The Science and Technology Studies program in the College of Arts and Letters (CAL) at Stevens has been awarded a two-year curriculum development grant by the National Institute of Standards and Technology (NIST), an agency located within the United States Department of Commerce.
Professors Andrew Russell and Lee Vinsel will oversee the project, “Design for Standardization,” and their collaborative research will examine the processes behind common 21st century technical standards such as communication technologies, food safety, state building codes and consumer product safety.
As a result of the grant, CAL will offer a new semester-long course on “Standards and Society” as well as instructional modules that can be integrated into undergraduate and graduate courses in art, music, science, management, systems and engineering, including the Stevens Design Spine.
Russell and Vinsel will also investigate how students can get involved in the standards-making process as well as ways that they can use their knowledge of standardization to design better products, accelerate innovation and enhance their own careers.
According to Russell, the “Design for Standardization” project is a natural progression of research interests that he and Vinsel have developed throughout their careers. Russell won the Standards Engineering Society’s 2006 World Standards Day paper competition, and is the author of a forthcoming book, Open Standards and the Digital Age: History, Ideology, and Networks (Cambridge University Press, 2014). Vinsel completed a dissertation at Carnegie Mellon University in 2011, in which he analyzed American federal regulation of automobiles – including “technology-forcing” performance standards that pushed private companies to be more innovative.
Vinsel, who teaches a spring course on “The History of Stevens,” notes that standardization has a long history at Stevens.
“Stevens has been involved in standards from its inception, when engineers were standardizing such things as screw threads and steam boilers,” he said. “Standards that allowed screws to be used interchangeably and kept steam boilers from exploding were major engineering accomplishments of their day. In a sense, our grant allows us to continue a long tradition here.”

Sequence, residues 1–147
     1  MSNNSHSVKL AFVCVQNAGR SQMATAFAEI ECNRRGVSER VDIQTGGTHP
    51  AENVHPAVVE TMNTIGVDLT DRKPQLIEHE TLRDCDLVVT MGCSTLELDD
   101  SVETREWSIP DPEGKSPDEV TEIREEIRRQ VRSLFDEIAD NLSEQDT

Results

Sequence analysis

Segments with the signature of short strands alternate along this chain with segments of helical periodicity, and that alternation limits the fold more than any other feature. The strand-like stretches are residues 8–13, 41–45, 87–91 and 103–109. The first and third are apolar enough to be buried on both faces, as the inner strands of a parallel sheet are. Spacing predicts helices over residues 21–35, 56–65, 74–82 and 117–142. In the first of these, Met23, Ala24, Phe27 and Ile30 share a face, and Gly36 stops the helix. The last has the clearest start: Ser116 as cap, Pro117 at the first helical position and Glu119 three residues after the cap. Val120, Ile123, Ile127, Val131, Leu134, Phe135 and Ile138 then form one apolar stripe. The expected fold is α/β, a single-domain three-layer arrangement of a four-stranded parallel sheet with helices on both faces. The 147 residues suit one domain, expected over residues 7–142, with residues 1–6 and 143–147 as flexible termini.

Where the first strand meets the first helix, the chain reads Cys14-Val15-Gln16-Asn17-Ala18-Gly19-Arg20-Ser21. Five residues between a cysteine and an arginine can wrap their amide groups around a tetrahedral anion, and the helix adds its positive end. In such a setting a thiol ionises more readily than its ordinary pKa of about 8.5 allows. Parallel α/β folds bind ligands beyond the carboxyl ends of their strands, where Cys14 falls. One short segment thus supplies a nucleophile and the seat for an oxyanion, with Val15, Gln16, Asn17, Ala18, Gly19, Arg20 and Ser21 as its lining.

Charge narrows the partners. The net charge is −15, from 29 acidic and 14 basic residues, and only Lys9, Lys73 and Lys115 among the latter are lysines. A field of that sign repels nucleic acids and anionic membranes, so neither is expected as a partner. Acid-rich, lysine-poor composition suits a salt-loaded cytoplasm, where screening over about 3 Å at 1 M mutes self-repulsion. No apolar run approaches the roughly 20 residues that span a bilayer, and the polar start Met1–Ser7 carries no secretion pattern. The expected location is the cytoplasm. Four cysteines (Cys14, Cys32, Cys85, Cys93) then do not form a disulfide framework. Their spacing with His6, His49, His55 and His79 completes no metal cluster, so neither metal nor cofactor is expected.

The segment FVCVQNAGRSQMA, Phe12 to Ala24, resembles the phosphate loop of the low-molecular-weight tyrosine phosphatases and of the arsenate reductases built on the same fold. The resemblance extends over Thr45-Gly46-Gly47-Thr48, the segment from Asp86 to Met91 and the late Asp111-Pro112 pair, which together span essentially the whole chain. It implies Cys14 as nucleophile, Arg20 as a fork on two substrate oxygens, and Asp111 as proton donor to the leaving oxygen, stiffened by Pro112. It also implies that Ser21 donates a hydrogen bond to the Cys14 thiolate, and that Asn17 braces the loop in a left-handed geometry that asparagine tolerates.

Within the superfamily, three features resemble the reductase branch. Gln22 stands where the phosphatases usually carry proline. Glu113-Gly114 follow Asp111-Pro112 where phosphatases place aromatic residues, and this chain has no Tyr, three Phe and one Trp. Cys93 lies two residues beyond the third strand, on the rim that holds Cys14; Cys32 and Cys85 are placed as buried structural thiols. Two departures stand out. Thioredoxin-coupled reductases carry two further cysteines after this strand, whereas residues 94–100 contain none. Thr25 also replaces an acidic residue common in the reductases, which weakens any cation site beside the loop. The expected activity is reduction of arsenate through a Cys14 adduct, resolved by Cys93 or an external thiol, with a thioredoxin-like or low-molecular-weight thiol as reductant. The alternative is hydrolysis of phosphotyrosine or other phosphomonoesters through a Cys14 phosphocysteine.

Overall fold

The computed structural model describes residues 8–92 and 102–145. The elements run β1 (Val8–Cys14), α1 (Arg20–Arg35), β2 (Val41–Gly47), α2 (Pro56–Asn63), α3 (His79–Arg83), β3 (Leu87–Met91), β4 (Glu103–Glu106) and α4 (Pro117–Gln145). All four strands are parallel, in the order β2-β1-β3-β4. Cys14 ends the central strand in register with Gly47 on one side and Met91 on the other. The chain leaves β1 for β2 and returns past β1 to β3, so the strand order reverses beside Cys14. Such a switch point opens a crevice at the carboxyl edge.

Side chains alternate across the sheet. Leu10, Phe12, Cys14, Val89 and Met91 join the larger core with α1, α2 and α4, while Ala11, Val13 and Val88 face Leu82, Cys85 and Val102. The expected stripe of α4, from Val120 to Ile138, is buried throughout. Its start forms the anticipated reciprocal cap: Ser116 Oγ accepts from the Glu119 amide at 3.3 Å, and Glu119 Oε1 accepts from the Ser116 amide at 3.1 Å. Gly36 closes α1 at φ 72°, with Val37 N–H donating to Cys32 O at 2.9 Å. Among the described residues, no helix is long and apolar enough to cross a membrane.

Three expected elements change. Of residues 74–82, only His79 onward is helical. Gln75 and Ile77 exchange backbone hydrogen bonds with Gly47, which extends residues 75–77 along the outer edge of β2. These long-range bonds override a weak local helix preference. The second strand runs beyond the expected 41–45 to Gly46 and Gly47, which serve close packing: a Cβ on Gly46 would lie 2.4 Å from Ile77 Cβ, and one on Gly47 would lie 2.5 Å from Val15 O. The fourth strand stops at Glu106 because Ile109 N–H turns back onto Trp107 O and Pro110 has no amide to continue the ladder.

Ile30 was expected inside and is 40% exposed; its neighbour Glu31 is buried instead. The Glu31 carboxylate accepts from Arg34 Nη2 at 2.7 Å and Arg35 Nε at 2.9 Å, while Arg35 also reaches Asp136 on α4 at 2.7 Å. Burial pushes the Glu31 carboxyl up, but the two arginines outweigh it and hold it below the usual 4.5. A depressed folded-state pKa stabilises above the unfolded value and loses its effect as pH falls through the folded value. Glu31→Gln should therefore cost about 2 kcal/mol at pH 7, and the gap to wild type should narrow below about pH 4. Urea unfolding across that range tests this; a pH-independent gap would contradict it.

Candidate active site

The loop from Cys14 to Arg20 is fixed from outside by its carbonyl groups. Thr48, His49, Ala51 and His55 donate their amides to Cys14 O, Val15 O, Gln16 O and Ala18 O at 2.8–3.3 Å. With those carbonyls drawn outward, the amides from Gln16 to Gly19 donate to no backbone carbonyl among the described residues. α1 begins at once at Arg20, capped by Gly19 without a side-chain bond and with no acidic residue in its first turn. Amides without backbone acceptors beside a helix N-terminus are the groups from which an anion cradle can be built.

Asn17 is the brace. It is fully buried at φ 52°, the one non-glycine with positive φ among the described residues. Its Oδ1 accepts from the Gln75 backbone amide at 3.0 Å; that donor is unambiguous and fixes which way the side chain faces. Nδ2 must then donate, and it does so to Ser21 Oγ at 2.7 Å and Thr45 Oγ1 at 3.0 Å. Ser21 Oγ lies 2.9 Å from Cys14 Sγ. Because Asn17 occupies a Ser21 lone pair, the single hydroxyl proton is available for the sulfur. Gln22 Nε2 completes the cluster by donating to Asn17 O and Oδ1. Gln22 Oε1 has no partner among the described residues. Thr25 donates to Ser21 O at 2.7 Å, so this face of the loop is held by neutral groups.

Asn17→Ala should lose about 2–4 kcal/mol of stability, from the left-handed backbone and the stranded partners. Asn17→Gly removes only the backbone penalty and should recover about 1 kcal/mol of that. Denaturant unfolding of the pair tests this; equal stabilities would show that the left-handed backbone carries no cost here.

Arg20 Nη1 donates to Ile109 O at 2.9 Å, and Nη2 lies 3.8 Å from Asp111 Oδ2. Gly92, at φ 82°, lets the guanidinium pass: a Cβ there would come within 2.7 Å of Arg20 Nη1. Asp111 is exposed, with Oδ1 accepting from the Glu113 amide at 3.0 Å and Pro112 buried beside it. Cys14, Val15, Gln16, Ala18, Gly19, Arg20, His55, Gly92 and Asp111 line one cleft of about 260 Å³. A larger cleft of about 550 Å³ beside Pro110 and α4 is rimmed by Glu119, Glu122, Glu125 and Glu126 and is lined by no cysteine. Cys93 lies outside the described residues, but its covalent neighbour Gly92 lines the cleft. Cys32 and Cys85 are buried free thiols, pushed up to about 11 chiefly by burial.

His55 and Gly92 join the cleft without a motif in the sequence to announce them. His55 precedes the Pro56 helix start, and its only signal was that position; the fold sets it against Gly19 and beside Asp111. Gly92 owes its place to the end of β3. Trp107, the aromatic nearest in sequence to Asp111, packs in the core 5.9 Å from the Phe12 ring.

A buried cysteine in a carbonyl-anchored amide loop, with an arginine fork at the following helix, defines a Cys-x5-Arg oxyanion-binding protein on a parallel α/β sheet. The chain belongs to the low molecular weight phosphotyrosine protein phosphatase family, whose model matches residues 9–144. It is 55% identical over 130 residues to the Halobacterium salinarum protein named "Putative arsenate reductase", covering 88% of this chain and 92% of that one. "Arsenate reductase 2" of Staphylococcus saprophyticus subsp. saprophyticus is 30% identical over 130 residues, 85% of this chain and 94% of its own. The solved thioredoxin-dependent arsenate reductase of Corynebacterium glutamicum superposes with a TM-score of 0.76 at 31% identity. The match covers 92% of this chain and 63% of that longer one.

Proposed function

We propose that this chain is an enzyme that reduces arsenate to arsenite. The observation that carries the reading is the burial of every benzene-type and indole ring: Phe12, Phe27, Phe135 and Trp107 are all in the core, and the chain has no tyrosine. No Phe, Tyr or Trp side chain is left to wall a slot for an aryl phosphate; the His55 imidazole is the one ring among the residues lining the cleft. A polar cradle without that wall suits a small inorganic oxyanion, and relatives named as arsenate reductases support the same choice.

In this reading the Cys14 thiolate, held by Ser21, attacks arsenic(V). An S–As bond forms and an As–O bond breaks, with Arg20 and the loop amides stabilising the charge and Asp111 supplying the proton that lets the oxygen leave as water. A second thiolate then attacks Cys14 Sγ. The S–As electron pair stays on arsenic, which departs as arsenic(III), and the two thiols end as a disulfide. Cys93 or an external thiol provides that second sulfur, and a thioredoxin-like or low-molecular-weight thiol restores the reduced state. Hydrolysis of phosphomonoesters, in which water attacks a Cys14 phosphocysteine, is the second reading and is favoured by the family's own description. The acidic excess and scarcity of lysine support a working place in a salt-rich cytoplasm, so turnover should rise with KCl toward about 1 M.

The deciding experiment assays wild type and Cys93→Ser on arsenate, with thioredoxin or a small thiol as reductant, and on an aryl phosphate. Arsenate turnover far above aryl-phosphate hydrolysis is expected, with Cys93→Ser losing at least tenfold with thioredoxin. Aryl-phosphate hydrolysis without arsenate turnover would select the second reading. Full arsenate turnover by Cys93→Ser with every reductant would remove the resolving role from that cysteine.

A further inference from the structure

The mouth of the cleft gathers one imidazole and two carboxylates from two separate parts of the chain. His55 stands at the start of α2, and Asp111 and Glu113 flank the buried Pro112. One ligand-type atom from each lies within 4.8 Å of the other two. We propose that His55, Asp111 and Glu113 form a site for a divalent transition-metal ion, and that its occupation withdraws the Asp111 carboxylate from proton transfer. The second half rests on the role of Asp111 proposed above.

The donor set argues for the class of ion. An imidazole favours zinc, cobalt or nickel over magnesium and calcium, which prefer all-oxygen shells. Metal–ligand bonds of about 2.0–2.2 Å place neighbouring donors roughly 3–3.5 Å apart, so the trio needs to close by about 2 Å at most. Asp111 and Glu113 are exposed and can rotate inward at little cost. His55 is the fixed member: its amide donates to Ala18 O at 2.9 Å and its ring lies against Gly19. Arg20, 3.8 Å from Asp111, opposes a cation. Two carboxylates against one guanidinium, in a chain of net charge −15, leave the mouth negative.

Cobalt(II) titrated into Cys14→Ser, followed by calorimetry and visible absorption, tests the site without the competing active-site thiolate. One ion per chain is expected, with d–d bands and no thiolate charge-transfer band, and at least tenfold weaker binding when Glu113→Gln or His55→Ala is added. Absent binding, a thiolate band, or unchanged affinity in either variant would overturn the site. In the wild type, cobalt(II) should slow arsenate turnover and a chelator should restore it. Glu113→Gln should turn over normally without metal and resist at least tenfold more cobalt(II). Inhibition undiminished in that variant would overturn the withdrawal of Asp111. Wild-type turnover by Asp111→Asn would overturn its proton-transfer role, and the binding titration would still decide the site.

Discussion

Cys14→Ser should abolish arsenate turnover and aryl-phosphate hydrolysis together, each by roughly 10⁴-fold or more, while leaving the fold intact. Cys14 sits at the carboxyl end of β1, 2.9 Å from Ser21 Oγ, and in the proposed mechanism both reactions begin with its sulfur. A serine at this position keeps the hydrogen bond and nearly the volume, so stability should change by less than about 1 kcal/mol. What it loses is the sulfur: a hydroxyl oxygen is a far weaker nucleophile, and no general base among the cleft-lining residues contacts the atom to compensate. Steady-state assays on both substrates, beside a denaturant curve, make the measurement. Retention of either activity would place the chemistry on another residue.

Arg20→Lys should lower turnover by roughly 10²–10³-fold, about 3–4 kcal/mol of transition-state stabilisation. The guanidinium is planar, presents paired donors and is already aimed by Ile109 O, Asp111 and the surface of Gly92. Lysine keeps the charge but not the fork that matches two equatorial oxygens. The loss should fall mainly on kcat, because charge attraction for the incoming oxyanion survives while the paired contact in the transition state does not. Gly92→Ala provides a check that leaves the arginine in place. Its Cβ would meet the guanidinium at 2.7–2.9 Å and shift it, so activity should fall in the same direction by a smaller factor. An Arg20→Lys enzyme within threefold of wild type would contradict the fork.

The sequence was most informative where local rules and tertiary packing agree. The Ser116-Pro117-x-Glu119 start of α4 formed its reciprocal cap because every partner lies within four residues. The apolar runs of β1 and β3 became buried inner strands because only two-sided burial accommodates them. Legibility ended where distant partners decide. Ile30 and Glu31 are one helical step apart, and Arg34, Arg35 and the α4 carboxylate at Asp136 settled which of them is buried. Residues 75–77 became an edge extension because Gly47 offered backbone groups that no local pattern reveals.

Russell and Vinsel are off to a fast start with their research. They will bring a group of students to a standards simulation exercise in New York City on Nov. 19, organized by the American National Standards Institute. Russell believes that such hands-on experiences are crucial for their project.
“We will know we have been successful if our students see for themselves why they should contribute their energy, creativity and expertise to the standards-setting process,” he said.
About Stevens Institute of Technology
Stevens Institute of Technology, The Innovation University®, is a premier, private research university situated in Hoboken, N.J. overlooking the Manhattan skyline. Founded in 1870, technological innovation has been the hallmark and legacy of Stevens’ education and research programs for more than 140 years. Within the university’s three schools and one college, more than 6,100 undergraduate and graduate students collaborate with more than 350 faculty members in an interdisciplinary, student-centric, entrepreneurial environment to advance the frontiers of science and leverage technology to confront global challenges. Stevens is home to three national research centers of excellence, as well as joint research programs focused on critical industries such as healthcare, energy, finance, defense and STEM education and coastal sustainability. The university is consistently ranked among the nation’s elite for return on investment for students, career services programs and mid-career salaries of alumni. Stevens is in the midst of a 10-year strategic plan, The Future. Ours to Create., designed to further extend the Stevens legacy to create a forward-looking and far-reaching institution with global impact.